Nothing much to say about what I did here. I didn’t add sleeves. Made bands for the armhole instead. The pineapple top was cut a bit more narrow in front to get it to fit on the fabric and I think it worked out a bit better for the cotton lycra. The cherry top was a bit wider and didn’t need to be narrowed, but I think the fabric actually needs a size down due to stretch. I still love both tops. Used the same size as before and serged the raw hem.

While my serger was being repaired by Sewing World (took all of 48 hours btw. And incredible customer service so I recommend them as a repair shop. They are also a Janome dealer so they might be the place I go when I am ready to buy a new sewing machine), I reorganized my fabric stash and managed to fit it all into my cupboard again!

Yeay all of my fabric stash fits in here again. #sewing #sewcialists #fabricaddict

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The sewing craze before our honeymoon really helped my stash go down. I worked a bit on a muslin for an Upton dress. My size is all over the map right now so two muslins later and still no good fit. It’s all my error with choosing a size, though.

I went through my UFOs since the reorganization meant they weren’t covered in fabric and found a vintage floral linen M6696 from last year that got tossed aside during the wedding and post-wedding blahs.

 

I finished the vintage floral linen M6696, though! I’ve made the pattern several times before.

Vintage Floral Linen M6696

Look at those lovely vintage buttons! And look at it on me!

Vintage Floral Linen M6696

I remember doing an extra inch FBA on this bodice last year and I need another one this year. The waistband was also increased by an inch. I just put in the collar stand and not the collar. I like the look. I made shoulder tabs, too, but neglected to take a picture of them. They are orange and have green flower buttons on them. Pretty cute. The sewing on the tabs isn’t the best, though.

I also found my failed apple print M6887 dress and plan on tackling that again, too. It’s so pretty, but just didn’t look good on me. I’ve taken apart and plan on adding a mint waistband. The apple material is slightly stretchy so using a stable non-stretch cotton will help it look better at the waist. I’m also trying to figure out how to add more volume to the skirt, but I will first bast it on the waistband and see if that improved the look on me. I have only a metre left of the fabric. Luckily, the bodice fits quite well. No alterations there.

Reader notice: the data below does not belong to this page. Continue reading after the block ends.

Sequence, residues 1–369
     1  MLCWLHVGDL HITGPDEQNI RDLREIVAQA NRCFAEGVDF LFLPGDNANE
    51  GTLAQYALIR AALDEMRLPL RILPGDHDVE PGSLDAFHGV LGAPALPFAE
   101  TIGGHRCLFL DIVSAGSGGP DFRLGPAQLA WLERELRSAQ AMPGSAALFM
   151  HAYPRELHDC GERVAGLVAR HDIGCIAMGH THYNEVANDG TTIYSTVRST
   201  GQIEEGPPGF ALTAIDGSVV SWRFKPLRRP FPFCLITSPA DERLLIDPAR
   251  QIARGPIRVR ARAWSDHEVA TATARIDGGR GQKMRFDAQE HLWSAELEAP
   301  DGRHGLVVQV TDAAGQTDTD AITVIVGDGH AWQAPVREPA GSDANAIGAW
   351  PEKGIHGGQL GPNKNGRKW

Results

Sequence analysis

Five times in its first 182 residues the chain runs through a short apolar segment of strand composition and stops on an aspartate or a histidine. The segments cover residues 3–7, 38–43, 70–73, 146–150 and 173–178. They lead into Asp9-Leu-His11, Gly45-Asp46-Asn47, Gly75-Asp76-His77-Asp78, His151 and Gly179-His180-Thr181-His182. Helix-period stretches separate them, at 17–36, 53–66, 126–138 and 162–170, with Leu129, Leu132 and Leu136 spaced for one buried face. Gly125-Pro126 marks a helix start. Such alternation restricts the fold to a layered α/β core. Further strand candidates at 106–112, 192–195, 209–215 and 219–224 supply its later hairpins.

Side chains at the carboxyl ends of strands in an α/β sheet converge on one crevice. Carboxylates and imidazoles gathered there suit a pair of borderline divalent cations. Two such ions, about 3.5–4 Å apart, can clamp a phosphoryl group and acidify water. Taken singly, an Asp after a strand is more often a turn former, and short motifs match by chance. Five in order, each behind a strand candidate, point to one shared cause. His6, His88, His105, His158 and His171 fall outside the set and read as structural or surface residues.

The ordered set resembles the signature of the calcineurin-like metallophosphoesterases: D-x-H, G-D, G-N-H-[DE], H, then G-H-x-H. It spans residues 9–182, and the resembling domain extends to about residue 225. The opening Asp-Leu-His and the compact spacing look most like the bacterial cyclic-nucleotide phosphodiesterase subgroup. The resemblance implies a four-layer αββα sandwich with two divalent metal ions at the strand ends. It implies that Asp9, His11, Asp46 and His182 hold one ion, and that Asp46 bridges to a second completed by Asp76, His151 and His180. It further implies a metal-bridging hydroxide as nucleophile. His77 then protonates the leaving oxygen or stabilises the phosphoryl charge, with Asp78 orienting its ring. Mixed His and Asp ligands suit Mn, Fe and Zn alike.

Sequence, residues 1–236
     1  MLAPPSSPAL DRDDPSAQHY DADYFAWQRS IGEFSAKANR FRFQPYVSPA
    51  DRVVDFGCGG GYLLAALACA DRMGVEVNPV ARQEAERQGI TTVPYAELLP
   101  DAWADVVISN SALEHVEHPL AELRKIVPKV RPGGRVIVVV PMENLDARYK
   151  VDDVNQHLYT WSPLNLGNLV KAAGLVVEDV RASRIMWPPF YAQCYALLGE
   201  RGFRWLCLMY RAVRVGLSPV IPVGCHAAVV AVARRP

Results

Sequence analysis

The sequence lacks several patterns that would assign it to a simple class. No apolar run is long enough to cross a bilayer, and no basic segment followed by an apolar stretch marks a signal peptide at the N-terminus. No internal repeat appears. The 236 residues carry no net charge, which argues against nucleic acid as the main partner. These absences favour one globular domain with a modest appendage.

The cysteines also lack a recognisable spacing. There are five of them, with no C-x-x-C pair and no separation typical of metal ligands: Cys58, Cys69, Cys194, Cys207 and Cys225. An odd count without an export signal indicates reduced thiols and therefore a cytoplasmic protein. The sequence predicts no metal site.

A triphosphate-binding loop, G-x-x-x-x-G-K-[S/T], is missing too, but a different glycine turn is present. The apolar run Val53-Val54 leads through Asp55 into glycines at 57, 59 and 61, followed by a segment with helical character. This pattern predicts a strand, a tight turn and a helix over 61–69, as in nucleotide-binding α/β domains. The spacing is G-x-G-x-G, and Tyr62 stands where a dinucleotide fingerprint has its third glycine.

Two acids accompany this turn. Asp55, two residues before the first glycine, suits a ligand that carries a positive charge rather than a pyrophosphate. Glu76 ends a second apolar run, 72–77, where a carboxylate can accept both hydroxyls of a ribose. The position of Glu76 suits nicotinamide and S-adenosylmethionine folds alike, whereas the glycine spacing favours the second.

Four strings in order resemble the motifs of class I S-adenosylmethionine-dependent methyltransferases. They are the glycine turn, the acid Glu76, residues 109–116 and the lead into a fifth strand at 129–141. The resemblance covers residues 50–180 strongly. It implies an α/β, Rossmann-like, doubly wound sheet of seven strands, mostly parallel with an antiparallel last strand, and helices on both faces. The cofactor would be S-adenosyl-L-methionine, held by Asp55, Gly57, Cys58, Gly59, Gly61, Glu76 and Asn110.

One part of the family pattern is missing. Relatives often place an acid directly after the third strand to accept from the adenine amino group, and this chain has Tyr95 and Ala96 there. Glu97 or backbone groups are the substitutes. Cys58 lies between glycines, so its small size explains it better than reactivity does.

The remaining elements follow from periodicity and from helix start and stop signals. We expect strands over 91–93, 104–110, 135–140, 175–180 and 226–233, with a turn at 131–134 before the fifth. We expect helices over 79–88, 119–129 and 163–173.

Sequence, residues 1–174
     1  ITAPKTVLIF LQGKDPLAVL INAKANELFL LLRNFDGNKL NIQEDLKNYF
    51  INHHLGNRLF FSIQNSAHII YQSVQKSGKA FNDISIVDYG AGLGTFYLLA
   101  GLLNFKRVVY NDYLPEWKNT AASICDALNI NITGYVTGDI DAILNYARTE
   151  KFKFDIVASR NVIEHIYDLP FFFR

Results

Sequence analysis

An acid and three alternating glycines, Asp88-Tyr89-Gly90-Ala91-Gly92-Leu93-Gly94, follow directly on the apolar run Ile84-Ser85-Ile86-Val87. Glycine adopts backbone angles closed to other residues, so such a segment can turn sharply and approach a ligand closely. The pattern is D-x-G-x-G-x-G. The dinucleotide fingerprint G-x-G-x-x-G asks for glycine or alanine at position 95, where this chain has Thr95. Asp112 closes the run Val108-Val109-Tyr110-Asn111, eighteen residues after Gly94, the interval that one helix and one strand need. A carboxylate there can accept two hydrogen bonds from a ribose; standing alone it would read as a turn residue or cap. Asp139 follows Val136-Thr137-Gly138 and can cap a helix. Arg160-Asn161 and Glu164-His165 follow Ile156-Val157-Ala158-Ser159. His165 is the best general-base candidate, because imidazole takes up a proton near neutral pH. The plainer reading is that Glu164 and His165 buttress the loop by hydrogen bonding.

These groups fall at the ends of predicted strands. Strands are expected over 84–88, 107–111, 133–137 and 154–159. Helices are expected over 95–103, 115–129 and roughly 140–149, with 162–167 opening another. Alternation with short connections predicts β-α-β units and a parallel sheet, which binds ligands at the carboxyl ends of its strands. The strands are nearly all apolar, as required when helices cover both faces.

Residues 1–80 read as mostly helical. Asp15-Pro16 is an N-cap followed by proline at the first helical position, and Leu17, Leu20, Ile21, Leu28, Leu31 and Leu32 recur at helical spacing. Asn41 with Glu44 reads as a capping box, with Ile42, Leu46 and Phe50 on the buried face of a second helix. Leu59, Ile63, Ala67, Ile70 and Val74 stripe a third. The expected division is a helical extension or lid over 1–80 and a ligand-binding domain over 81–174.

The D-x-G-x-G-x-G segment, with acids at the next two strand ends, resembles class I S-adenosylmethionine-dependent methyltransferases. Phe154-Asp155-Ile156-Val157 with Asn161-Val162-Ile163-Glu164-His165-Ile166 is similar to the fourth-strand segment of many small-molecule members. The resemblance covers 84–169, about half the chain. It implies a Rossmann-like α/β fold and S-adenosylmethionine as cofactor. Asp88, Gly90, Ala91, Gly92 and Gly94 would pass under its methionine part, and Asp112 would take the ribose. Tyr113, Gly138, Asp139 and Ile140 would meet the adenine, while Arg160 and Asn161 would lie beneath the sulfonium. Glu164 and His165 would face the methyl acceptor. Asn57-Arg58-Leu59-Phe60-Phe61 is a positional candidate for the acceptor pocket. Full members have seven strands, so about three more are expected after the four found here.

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After the apple print M6887 dress is done, I think I might revisit M7084, which was the pattern I used for my wedding dress. I plan on going with the same length from my wedding dress and sleeveless, but I think I will add a waistband since it really cinches me in at my underbust and I find the look flatters me. I will also be tackling my Upton dress again and making a muslin for the Decades of Style ESP dress since I have some lovely Wonder Woman fabric from Tanya that I need to sew now! I also have some awesome nerdy Hello Kitty fabric from Alicia that might also become an ESP dress.

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It’s a summer of dresses! I have many other plans, but for now all I can focus on is making all the dresses.

Who else feels like making all the dresses?